Okay, you got me. I'm just sitting at Java-now-Safai Coffee in Louisville with a double espresso in a tiny cup, staring out the window at a potholed street drizzled with the torrential rain that is most definitely not found in Paris -- a slew of work laid out before me, rather than a quill and ink and a half-written novel. When I write the comparison, it sounds depressing. It's okay though. It's not Paris, but it's okay.
I have been reading a lot lately (mostly thanks to an anonymous blog reader who is responsible for replacing my broken Kindle -- thank you again!!). Yesterday a student, when I asked what she was reading, replied, "Oh, I don't read. I really don't like to read." I wanted to tell her to never utter those words again. I wanted to take her to the library immediately and find just the right book to remind her that other worlds await. The perfect book awaits.
My GoodReads list isn't impressive. My reading list is lengthy for a mother (26 books this year so far), but a shadow of my pre-parent self. It's also full of what my dad would refer to as "baby books." For example, I just read a Sophie Kinsella book. I'm neither proud nor embarrassed. It took me away, and it made me laugh.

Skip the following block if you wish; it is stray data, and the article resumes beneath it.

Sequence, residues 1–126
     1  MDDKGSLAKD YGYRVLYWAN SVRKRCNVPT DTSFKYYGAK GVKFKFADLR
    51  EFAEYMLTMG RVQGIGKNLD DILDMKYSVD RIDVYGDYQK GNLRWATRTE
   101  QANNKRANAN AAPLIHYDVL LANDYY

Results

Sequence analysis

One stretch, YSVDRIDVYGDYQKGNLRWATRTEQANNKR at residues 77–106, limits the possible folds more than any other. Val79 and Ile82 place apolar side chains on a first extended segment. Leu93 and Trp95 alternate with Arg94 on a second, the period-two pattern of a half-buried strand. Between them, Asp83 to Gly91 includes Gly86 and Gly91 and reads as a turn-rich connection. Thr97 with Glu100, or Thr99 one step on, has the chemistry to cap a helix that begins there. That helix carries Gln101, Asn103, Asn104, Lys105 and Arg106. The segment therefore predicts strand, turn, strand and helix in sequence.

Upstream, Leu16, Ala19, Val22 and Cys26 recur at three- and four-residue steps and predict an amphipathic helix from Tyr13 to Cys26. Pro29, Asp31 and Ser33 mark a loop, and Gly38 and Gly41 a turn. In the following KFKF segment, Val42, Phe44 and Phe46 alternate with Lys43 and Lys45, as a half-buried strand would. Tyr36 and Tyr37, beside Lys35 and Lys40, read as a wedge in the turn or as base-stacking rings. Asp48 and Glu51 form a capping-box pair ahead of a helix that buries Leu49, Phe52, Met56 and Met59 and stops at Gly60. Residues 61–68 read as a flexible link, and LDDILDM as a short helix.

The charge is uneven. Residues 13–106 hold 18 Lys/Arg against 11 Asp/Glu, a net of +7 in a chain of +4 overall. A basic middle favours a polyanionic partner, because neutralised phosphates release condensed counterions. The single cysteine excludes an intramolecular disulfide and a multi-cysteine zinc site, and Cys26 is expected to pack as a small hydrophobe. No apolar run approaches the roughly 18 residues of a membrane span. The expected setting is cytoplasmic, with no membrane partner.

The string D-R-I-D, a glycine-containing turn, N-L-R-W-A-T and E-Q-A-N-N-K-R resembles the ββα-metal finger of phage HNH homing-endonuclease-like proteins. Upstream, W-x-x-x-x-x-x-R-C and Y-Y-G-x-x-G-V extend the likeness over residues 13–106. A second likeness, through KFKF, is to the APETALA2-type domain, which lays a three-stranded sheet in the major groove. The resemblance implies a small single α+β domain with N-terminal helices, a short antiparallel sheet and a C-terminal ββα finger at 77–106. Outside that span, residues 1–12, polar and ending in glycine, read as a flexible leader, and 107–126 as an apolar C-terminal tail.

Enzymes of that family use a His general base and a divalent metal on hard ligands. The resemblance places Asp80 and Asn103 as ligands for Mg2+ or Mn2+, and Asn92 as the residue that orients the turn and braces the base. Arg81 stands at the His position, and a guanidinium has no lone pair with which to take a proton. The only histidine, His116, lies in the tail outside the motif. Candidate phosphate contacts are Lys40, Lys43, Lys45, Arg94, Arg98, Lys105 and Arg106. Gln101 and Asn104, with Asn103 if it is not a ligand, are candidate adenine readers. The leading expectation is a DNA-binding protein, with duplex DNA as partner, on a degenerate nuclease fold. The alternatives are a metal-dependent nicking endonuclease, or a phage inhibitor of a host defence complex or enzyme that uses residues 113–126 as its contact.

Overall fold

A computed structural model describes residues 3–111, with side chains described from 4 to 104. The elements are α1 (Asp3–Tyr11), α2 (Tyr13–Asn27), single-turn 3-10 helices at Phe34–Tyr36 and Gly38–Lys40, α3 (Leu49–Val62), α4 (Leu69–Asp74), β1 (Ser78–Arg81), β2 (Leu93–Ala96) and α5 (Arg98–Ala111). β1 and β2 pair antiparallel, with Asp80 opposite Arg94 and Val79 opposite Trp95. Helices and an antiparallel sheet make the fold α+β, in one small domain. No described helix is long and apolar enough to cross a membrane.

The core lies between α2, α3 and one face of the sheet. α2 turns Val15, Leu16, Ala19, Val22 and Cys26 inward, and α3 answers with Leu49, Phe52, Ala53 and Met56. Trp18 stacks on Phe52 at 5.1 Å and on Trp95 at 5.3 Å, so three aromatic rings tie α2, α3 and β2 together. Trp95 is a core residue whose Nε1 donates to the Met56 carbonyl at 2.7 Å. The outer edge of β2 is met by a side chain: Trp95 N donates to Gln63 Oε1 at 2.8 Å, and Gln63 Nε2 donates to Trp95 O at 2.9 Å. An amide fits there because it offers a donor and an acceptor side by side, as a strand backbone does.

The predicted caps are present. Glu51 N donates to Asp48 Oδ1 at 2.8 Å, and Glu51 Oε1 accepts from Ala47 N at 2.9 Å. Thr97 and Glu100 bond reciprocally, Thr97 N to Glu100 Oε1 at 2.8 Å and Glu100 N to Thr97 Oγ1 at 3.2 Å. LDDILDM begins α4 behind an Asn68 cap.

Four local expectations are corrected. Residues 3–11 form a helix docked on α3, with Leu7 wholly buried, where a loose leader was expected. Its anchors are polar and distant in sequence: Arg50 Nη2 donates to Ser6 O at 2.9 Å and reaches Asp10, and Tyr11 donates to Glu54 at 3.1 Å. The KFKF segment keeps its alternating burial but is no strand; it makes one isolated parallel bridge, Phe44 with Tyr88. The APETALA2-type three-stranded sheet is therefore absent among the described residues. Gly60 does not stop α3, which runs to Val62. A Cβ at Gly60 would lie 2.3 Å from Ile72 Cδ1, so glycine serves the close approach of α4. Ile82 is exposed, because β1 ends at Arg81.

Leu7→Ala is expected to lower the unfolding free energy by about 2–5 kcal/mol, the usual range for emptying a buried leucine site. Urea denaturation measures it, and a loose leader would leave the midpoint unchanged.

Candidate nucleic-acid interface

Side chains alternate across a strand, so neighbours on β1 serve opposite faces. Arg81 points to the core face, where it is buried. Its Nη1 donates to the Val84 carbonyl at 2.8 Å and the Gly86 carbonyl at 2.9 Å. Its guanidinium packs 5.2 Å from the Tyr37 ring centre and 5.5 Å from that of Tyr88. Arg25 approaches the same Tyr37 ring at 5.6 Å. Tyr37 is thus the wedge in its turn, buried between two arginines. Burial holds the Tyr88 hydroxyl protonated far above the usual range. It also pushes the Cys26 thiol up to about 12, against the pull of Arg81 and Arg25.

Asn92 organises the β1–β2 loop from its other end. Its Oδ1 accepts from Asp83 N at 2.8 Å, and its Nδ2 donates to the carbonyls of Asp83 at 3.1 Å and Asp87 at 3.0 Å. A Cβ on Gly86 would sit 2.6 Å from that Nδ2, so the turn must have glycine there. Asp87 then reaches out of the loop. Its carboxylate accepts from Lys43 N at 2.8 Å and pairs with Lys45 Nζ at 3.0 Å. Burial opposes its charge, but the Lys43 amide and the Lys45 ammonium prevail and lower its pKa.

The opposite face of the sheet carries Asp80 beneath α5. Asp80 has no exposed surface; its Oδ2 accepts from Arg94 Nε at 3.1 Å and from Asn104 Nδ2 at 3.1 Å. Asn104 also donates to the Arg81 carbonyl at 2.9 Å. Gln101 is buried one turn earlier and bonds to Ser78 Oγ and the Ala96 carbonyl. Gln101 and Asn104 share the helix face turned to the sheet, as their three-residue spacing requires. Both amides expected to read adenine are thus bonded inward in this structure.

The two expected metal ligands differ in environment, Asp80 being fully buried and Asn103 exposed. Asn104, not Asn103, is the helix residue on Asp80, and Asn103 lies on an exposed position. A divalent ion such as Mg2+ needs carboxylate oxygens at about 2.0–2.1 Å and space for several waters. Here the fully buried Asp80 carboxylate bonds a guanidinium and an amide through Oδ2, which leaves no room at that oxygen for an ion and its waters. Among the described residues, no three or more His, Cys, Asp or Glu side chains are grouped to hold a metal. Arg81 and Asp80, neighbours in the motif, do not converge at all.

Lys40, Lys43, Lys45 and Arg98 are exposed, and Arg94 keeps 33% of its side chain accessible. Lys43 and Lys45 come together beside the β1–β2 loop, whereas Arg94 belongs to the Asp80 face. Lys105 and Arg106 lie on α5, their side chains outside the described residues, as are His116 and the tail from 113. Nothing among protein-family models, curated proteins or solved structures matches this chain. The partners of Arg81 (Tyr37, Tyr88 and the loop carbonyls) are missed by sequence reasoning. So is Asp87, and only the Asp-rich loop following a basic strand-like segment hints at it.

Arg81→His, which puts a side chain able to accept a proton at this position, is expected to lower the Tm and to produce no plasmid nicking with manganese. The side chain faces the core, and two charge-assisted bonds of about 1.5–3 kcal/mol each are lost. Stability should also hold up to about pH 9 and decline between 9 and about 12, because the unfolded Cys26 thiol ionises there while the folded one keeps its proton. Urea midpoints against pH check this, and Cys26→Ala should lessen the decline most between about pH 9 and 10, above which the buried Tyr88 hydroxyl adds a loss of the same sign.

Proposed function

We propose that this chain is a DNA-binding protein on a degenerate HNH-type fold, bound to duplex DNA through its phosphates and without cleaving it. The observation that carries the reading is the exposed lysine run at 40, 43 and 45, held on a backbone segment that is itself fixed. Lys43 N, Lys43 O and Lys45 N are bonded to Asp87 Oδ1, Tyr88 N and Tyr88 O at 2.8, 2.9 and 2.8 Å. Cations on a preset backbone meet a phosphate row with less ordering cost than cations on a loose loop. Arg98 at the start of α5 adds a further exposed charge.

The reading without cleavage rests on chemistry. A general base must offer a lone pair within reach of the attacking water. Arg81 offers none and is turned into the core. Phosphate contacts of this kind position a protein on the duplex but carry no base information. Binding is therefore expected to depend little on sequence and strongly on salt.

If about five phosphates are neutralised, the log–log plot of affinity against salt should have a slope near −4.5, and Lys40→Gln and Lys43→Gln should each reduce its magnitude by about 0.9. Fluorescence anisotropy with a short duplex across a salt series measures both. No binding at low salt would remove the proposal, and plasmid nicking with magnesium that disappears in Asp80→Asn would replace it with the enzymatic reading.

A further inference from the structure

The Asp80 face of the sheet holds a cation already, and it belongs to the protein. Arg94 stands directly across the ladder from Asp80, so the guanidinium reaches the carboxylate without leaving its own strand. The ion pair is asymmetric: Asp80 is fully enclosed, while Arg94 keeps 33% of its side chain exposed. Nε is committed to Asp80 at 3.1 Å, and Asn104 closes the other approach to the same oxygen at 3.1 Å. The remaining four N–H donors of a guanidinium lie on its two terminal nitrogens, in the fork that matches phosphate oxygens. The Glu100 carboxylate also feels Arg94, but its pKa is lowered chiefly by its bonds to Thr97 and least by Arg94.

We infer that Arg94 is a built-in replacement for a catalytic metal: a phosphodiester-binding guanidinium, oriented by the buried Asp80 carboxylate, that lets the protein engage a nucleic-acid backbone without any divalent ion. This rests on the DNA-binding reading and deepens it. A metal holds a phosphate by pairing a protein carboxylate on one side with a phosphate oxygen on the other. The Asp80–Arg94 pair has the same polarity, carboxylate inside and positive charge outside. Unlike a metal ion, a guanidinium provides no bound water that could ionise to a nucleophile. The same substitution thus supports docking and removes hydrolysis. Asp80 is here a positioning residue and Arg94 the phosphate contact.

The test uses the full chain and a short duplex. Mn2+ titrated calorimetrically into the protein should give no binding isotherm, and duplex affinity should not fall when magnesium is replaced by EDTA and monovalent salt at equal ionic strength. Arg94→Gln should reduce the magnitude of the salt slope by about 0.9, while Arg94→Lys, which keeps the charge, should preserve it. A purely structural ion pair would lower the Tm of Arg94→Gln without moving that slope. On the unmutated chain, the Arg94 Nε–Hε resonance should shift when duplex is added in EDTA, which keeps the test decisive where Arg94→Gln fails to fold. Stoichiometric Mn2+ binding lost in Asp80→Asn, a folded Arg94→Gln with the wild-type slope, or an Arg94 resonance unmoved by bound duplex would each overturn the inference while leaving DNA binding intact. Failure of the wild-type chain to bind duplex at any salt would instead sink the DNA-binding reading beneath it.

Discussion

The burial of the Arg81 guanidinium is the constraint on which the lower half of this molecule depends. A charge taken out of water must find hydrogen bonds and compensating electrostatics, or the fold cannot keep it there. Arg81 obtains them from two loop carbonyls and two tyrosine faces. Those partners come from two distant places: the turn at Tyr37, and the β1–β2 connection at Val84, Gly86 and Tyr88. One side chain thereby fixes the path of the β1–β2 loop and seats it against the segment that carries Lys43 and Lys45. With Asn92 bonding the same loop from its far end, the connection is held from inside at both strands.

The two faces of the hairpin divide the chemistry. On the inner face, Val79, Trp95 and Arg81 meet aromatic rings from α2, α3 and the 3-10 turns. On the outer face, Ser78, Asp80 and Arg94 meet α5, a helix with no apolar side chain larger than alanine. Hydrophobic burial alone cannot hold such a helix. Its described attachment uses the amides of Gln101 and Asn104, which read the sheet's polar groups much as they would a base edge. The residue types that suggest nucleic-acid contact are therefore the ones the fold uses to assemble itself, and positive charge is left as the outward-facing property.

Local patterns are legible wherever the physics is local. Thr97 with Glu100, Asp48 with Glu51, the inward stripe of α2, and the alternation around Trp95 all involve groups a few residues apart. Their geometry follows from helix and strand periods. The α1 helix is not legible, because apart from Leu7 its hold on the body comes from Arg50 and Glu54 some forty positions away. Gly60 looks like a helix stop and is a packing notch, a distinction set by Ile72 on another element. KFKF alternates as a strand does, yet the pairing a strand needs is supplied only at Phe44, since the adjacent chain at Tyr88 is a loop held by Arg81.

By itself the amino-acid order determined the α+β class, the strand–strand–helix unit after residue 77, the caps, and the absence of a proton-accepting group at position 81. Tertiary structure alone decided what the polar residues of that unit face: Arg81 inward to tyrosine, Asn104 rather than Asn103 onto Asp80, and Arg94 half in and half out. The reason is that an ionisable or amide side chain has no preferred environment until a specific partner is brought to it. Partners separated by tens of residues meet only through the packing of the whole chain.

I've also recently read Quiet at the recommendation of an extrovert friend. The book was good, but it was completely obvious to an introvert (I would recommend it to any extrovert trying to parent or grandparent an introvert). It talks about the American/Western extrovert ideal, and how introverts have had to learn to survive by flipping some inner switch and pretending to be extroverted. Hello-ooooo! How do you think I have survived in my career this long??! I remember the exact moment when I figured that out. I -- the introverted only child -- was playing by myself at the swimming pool, and I worked up the courage to take a deep breath and ask some girls who were doing amazing flips off the diving boards if I could play with them. It worked (we were friends for years), and I still take deep breaths and channel that little girl before entering a room full of people. It's not great that our culture admires the extroverts and thinks the introverts are weirdos who need to conform (so many family battles could be avoided if this changed), but hey, we learn to survive.
On that note, David pointed out while trying to learn the guitar recently, that the reason he could never play an instrument is that he it requires too much alone time. (Is that really a thing??? Too much???) He said I was able to get the 10,000 hours practice as a kid because it was not punishment to sit by myself and practice the piano. He preferred team sports.
Speaking of, oh, what I wouldn't give for a couple of hours by myself with nothing else to do but practice the piano. But for now, I'll stick to the late-night mid-morning reading. Gotta beat my GoodReads Challenge, after all.